Israel Travel Guide

Israel FlagThe Kingdom of Israel was established by 900 BC under King David, but conquered and enslaved by Babylon in 586 BC. After that time, the land we know as Israel was under Persian, Greek, Roman, and Byzantine control until The Arabs conquered the area in the mid 600 AD, bring the new Islam religion with them. Starting in 1099 the Crusaders controlled the area for almost a hundred years until the Arabs expelled them and controlled the area again. In 1516 the entire area was conquered by the Ottoman Empire and remained under their control until the end of World War 1 when the empire was dissolved.

Helpful Info
Population – 8,908,000
Money – Shekel (as of Sept 2018 US$1 = ₪3.61; current rate available at
Language – Hebrew, Arabic
Religion – 74.7% Jewish, 17.7% Muslim
When to go – Spring and fall are best, summer is very hot
World Heritage Sites – 12 – Acre, Bahá’i Holy Places, Bet She’arim, Biblical Tels, Birthplace of Jesus, Incense Route, Jerusalem, Maresha & Bet-Guvrin Caves, Masada, Mount Carmel, Palestine, Tel-Aviv
Country formed – The modern country was established on 14 May 1948
Church of Nativity Bethlehem

Birthplace of Jesus in the Church of Nativity

Since the 1st century AD Jewish revolts against the Romans were put down the Jewish population in the area dwindled significantly, but interestingly the small population that did exist fought with the Arabs against the Crusaders. By the 15th century the Jewish population was around 10,000.

Following World War 1 and through World War 2 the area was under a British mandate system called Mandatory Palestine. Starting in the last years of the Ottoman Empire Jews were immigrating back to the area and after World War 2 this increased significantly and reached 1.4 million Jews in the area. In 1948 the State of Israel was established under United Nations resolution and ever since that time, Israel and their neighboring Arab nations have been in constant conflict.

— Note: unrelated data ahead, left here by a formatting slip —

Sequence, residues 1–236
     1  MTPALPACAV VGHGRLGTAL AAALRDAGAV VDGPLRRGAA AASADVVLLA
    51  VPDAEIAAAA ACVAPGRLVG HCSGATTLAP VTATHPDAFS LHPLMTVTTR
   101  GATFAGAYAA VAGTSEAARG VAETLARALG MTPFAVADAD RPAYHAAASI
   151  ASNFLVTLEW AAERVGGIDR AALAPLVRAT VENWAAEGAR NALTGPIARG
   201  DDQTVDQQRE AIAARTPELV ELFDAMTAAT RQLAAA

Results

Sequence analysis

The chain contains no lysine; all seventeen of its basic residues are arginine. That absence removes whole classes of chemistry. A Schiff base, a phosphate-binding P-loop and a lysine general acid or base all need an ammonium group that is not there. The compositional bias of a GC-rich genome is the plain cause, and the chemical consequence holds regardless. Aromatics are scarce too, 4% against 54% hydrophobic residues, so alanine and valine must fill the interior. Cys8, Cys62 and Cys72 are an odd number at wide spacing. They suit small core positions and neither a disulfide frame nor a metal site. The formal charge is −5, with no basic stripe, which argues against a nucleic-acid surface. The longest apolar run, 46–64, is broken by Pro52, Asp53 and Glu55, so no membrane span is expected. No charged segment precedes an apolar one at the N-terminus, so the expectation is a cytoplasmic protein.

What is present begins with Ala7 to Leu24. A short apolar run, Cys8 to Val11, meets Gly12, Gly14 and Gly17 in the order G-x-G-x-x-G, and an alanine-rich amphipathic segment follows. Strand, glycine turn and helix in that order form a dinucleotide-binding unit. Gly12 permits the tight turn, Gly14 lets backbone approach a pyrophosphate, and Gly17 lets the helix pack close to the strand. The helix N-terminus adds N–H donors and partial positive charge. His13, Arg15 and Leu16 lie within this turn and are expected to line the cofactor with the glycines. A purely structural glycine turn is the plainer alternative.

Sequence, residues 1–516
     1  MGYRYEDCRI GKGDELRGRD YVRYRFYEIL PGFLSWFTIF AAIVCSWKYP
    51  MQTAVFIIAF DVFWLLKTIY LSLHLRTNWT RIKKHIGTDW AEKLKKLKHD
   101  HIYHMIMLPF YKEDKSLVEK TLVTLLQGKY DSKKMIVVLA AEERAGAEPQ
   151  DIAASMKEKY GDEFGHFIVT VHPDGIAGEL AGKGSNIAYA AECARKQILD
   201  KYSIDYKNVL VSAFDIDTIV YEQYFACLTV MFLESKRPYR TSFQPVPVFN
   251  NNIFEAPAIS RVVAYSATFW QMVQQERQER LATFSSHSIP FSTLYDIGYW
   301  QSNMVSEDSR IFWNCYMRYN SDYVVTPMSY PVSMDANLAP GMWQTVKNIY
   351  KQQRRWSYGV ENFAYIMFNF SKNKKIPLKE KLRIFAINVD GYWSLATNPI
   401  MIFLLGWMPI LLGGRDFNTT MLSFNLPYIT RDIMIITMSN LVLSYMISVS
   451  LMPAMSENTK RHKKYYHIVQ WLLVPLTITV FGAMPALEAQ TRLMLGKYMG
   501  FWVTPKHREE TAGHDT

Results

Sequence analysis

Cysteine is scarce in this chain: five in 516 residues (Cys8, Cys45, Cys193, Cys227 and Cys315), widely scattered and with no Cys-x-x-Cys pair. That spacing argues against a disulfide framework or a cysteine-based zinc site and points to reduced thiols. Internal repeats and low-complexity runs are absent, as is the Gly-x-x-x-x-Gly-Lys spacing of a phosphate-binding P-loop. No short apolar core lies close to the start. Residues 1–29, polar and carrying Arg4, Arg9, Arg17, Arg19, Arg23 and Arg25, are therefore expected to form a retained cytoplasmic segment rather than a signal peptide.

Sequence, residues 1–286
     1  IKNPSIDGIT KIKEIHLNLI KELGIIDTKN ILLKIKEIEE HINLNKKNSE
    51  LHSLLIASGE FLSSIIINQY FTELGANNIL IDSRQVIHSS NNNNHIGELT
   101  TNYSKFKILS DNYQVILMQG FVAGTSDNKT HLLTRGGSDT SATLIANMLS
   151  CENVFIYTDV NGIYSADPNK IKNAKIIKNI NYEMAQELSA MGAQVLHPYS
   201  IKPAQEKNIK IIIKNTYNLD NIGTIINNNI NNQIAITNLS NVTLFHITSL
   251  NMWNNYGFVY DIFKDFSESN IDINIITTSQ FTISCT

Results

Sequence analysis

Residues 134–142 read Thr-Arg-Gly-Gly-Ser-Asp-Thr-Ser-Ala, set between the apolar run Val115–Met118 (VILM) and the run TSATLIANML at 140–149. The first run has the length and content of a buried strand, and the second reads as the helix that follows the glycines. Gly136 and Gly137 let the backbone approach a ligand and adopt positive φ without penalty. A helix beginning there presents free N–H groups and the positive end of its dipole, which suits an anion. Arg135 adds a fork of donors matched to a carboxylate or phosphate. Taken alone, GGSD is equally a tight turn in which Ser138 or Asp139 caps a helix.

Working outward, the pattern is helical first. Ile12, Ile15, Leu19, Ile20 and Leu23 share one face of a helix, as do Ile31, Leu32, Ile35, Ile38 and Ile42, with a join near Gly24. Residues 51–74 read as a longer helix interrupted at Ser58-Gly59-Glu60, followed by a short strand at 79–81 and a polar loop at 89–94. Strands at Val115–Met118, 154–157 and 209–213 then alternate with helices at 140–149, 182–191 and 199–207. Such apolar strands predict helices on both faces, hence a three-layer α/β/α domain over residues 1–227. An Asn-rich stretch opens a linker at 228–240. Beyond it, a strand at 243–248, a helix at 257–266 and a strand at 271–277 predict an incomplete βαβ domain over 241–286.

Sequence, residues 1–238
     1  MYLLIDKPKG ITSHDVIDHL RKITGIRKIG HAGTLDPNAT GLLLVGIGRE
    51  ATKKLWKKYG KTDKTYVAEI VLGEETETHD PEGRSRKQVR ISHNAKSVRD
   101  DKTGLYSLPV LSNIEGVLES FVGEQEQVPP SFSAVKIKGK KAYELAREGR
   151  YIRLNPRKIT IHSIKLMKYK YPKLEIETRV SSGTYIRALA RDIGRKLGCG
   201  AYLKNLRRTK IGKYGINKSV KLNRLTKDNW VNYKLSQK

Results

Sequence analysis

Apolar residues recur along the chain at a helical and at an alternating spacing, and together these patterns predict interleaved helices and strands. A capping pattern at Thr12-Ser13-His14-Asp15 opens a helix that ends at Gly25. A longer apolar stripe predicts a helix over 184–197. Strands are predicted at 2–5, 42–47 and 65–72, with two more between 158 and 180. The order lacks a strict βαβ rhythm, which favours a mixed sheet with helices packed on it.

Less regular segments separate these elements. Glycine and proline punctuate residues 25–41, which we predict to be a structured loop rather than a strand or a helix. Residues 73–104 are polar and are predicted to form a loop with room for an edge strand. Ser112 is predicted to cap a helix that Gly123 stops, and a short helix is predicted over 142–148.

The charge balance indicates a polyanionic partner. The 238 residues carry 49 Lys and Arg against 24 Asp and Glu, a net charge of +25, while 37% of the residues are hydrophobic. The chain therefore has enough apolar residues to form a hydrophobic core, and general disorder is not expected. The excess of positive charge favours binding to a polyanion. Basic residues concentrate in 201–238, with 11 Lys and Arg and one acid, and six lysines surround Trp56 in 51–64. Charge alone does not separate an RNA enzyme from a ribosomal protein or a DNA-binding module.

My Visit

Baptismal Site near Jericho

Baptismal Site near Jericho

In 2016, I undertook a week long religious pilgrimage trying to visit all the important sites of Jesus’s ministry while taking in the history and culture at the same time. I started in Old Jaffa, where Peter received his vision to share the good word with non-Jews. From there I headed to Jerusalem where I followed the Via Dolorosa, which is the route Jesus followed to his death and contains the 14 stations of the cross. I spend a day in Palestine visiting Bethlehem (birthplace) and Jericho (baptism) before I headed to Nazareth, where he grew up, via Akko (long story, but worth it….read the blog to see why). I finished at the Sea of Galilee to see many of his ministries before I headed across the border to Jordan.

Likes, Dislikes, and Recommendations

Israel - Sea of Galilee - Sunrise

Sunrise over the Sea of Galilee

I must say that I thoroughly enjoyed my week in Israel and felt a vast spiritual growth due to my pilgrimage. On top of the sites of Jesus, I was able to see many historical and religious places. This is due to Israel’s long history and having locations of the upmost importance to four different religions.

Israel - Jerusalem - Jesus - Holy Sepulchre - Tomb

Tomb of Jesus

I felt like my itinerary fit my needs and showed me the most in the week I was here, but there is so much to see in this country that I could have spent another week or even two and still had a busy itinerary. You can quite easily do your trip on your own, but tours are plentiful also. You can choice from private tours ($700-1000 a day) to group tours on a bus ($1000-2000 a week).

One thing I can honestly say that I did not like in Israel is the security at the airport. You can read the last blog I wrote to see what happened to me.

You can get even more helpful hints by watching the travel video I made for Israel. Also, you can read what all I did there in my blog posts below the video.

All Blogs From Israel